We have chosen to focus our target audience on undergraduate student shoppers (ages 20 - 24), who do not have a stable income yet. Young adults like undergraduates are specifically targeted because of their generation's tech-savvy embracing of anything wired, including online shopping and supporting technologies. Given their lower disposable income and savviness, they are most likely to face the tedious problem of app hopping in search of the best value for item online.
From our secondary research, we identified 4 primary (Impulse Buyer, Bargain Hunter, Educated Customer and Indecisive Patron) and 2 secondary (Window Shopper and Price Spy) target user groups. This process allowed us:
To better understand the characteristics and behaviours of our intended users
To find and select participants for our primary user research who closely match our target user group to gain valuable and relevant insights

User Research & Findings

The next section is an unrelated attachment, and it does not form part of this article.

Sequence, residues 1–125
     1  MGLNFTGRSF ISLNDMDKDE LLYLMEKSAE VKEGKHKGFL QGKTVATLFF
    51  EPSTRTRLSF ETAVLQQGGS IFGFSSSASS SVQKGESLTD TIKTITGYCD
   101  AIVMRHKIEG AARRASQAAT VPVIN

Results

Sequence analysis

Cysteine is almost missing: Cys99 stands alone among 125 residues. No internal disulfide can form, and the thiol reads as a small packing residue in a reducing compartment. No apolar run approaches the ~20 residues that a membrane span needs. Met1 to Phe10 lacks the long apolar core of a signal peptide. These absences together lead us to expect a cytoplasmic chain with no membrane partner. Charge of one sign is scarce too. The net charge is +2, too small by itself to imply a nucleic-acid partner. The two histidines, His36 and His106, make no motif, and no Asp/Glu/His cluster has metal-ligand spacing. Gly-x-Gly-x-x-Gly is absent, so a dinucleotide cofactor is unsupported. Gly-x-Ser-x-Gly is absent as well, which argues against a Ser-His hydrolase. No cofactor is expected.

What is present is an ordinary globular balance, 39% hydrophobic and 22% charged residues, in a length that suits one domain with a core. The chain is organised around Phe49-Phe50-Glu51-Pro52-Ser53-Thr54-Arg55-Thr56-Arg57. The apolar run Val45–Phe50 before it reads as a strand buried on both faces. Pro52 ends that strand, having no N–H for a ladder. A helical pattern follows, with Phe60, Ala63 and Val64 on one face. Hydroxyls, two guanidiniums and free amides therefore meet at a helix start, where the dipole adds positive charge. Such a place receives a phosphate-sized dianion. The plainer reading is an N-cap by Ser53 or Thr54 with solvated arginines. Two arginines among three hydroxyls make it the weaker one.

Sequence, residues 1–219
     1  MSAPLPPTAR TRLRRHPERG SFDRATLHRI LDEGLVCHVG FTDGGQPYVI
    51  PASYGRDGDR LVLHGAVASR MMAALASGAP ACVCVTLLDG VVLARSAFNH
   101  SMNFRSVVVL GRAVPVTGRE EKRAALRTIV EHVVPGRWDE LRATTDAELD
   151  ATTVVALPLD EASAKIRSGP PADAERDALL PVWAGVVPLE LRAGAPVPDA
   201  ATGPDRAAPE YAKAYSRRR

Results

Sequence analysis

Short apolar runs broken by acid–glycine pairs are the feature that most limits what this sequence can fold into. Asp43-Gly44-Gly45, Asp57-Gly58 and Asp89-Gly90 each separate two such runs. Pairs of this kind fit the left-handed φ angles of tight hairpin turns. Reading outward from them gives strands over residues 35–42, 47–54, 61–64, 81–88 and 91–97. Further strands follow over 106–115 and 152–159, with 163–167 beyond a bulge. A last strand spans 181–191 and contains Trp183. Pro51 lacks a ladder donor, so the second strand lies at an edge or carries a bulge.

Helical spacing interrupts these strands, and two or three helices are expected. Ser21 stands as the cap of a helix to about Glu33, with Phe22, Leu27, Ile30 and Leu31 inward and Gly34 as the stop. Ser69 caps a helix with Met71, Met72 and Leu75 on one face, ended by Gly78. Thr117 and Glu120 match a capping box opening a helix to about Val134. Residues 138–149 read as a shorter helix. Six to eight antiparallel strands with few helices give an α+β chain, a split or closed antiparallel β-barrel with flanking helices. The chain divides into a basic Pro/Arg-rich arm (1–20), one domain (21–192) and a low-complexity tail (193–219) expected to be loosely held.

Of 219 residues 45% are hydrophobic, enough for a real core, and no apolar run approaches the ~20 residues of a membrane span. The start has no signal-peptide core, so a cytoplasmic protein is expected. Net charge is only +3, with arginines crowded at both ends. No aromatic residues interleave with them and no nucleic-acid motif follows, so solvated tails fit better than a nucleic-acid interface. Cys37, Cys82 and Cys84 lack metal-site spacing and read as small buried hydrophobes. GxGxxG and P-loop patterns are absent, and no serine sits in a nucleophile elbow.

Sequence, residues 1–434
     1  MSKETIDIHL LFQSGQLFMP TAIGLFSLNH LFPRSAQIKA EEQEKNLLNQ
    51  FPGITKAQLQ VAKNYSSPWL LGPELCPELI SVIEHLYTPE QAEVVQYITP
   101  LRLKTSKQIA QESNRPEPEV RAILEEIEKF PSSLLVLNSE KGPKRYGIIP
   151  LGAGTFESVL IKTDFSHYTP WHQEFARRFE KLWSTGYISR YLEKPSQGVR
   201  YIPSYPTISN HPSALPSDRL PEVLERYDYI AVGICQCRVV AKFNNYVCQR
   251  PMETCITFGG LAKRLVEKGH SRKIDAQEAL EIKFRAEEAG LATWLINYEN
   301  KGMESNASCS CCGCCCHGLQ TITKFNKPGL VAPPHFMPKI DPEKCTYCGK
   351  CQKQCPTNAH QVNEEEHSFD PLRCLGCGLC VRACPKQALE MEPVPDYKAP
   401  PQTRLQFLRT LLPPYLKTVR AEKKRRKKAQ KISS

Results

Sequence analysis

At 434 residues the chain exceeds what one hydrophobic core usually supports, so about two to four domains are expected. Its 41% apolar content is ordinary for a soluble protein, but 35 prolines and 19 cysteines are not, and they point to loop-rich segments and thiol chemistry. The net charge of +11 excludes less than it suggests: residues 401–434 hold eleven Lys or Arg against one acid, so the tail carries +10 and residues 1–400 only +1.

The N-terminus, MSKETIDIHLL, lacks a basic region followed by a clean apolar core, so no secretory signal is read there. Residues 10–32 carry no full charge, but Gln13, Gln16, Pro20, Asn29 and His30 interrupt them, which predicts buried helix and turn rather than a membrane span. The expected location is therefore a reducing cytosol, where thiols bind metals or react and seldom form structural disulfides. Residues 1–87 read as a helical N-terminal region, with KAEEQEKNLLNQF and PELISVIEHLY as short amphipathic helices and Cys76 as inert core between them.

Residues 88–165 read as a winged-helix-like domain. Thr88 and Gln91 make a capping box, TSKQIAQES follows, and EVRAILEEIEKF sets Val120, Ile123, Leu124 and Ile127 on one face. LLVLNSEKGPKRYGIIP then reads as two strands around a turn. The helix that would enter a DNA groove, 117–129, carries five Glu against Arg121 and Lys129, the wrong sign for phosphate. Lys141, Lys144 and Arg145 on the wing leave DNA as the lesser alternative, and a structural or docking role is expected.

As a method of user study, we conducted a survey with 30 respondents via Google Forms and contextual inquiry with 6 interviewees, representing each of our target groups. Our rationale behind conducting surveys first and then contextual inquiry is as follows. We recruited our participants through social media direct messages and groups, including Telegram and Instagram.


Gather quantitative and qualitative data on e-commerce shopping habits
Identify trends and patterns in the target group’s shopping behaviour
Explore and examine the survey findings through contextual inquiry interviews in natural e-commerce shopping settings to gather information about the context and tools used